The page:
Life comes full circle at Center for the Arts

Ivy King

Kathleen Macari

By R. Eli Townsend
Special to The PREVIEW
A play about four adults and a teen taking a creative dramatics class over the course of six weeks?
Off hand, it sounds like a recipe for stereotypes replete with clichés. Not in the case of “Circle Mirror Transformation,” a 90-minute, one-act by playwright Annie Baker opening Jan. 12 at Pagosa Springs Center for the Arts.
Thanks to Melissa Firlit’s deft direction, Thingamajig Theatre Company’s production is exceptionally charming and filled with performances to fall in love with.
At the heart of the class is Marty (Boni McIntyre), a longtime community center instructor who has finally achieved her dream of teaching a creative drama class for adults. Enrolled in the class are her husband, James (Dennis Elkins), middle-aged recent divorcé Schultz (Dan Morrison), high school student Lauren (Kathleen Macari) and Theresa (Ivy King), an actor who became disenchanted with the New York stage and settled down in the small Vermont town in hopes of making a difference in people’s lives there.
As the class and the story progress, fleeting moments of romance, friendship, tension and more spark between the participants as they share more and more of themselves through the exercises.
Baker’s style of storytelling is hyper-realistic. For example, the title, “Circle Mirror Transformation,” comes from the name of a theater game that is played in real time onstage, in which the participants lie with their eyes closed in the dark and must count to 10 as a group without anyone speaking simultaneously. The game is slow and quiet, but within it lies infinite layers of meaning as each subsequent iteration embodies the changing mood and relationships of the characters involved. Baker makes symphonies out of silences, poetry out of the pedestrian. Her text is subtle, rich and layered, yet simple.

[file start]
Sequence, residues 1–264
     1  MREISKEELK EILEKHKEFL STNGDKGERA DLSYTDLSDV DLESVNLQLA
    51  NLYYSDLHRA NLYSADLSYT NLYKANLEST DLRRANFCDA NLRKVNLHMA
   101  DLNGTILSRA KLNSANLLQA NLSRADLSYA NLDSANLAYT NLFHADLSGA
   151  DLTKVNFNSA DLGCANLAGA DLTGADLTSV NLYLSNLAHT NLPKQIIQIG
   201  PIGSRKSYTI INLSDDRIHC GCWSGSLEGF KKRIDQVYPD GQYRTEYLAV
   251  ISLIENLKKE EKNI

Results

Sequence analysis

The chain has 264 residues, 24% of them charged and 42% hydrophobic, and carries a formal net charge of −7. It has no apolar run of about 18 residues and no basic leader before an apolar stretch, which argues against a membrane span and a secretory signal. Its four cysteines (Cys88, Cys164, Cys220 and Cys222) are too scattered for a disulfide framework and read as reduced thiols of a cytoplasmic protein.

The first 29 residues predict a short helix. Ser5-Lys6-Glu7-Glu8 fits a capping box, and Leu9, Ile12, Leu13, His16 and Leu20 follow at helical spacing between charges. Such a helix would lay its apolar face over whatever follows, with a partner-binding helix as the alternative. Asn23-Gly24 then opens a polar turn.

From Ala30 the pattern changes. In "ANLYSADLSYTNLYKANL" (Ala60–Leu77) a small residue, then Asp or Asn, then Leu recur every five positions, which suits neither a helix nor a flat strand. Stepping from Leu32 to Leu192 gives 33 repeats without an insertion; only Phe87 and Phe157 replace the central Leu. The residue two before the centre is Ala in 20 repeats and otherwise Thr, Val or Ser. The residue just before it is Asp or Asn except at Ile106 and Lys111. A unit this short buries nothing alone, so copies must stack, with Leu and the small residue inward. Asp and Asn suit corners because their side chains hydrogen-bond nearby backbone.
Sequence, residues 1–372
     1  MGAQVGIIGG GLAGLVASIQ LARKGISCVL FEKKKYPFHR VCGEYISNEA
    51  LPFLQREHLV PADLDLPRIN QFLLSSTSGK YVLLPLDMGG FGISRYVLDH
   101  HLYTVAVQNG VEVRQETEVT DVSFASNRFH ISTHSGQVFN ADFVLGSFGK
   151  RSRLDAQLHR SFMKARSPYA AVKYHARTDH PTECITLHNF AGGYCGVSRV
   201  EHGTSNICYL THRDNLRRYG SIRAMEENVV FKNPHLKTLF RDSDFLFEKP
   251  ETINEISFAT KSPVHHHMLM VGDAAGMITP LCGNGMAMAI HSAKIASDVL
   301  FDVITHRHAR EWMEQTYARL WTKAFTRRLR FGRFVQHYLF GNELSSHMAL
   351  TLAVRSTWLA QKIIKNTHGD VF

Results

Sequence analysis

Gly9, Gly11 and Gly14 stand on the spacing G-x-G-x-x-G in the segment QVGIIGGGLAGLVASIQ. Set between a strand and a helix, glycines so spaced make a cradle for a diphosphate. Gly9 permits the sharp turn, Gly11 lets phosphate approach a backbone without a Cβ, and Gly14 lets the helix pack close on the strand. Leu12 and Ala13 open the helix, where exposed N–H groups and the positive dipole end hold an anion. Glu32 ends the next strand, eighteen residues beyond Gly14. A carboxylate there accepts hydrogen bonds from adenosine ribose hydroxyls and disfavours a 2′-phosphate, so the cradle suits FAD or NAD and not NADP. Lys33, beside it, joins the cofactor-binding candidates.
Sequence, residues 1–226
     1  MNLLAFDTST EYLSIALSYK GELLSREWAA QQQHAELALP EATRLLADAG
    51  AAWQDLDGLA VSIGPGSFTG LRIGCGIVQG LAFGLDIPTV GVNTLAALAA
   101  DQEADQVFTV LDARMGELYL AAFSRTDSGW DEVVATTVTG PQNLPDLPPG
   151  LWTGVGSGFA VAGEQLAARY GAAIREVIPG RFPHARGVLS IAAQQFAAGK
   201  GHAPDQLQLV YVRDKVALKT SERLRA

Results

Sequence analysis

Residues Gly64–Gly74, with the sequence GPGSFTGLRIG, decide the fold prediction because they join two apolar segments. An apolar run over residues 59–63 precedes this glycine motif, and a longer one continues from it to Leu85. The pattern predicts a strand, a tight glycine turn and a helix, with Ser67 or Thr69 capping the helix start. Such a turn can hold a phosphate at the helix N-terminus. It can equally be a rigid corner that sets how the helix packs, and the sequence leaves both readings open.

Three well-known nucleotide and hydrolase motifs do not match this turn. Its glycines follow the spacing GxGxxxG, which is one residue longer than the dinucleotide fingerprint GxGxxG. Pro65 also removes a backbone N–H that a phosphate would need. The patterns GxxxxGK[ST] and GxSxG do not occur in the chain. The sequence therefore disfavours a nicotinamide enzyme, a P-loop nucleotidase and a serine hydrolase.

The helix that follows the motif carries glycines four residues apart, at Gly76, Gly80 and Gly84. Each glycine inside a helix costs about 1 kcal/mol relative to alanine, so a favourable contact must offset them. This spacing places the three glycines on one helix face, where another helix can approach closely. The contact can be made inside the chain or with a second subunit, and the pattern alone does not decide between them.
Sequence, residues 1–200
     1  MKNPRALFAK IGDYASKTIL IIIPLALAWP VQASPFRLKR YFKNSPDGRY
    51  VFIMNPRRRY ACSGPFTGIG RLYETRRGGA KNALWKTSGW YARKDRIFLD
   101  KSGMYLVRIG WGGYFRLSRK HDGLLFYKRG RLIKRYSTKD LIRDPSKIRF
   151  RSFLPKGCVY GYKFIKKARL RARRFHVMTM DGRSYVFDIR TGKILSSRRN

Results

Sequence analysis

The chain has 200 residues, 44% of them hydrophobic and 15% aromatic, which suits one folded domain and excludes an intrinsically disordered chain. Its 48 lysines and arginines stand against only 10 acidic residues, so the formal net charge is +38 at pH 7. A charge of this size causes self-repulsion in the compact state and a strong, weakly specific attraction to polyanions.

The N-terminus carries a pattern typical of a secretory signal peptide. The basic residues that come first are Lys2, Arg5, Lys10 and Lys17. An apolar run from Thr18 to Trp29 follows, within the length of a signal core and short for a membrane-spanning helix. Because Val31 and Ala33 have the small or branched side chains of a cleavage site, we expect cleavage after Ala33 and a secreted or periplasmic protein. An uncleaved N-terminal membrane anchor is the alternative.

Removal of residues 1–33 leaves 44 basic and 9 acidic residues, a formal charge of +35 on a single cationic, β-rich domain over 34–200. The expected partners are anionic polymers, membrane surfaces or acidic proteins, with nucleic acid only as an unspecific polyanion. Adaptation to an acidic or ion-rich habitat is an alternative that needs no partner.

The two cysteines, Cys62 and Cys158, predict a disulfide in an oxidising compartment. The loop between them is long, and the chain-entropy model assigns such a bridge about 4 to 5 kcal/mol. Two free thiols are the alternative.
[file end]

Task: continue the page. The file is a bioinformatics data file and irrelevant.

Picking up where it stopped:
During the six weeks, relationships are formed and strained, and the characters learn more about each other than they imagined they would. There’s as much going on underneath and between the lines as in the dialogue itself.
One scene — a simple actors’ exercise between James and Theresa — is almost a metaphor for the play itself. The two are instructed to speak to each other using short, nonsense phrases. By the end of the game, sparks are flying as the two are communicating much more and much deeper than the useless words they’re using would suggest.
All the subtlety and subtext make it a difficult piece to perform, but this ensemble is so engaging, so real, so recognizable you’d be hard-pressed to find a better quintet on-stage. The cast finds the humor in the characters’ foibles and none of the performers overact or overplay things, a testament to Firlit’s direction. And though the group partakes in a few quirky theater games, Baker’s play never goes for the kind of cheap laughs you might expect from a story about a group of would-be actors.
The play’s ending is handled exceptionally. It’s a scene between Lauren and Schultz where the two are instructed to imagine meeting 10 years later. The characters improvise what that encounter might be, and slowly the stage lights focus on the two, helping to blur time and place and creating theater magic. Simple, subtle, well performed and surprisingly moving, the ending sums up the entire production.
“Circle Mirror Transformation” is a brilliant play and the folks at Thingamajig Theatre Company have created one of the best offerings in their short seven-year history. This play is a must-see for fans of the Pulitzer prize winner’s work.
Thingamajig Theatre Company presents “Circle Mirror Transformation.” Rated PG-13. Opening Jan. 12 at 6 p.m. and playing weekdays and Saturdays at 7 p.m., Sundays at 2 p.m. through Jan. 28. For tickets and show information, visit or call 731-SHOW (7469).

This story was posted on January 11, 2018.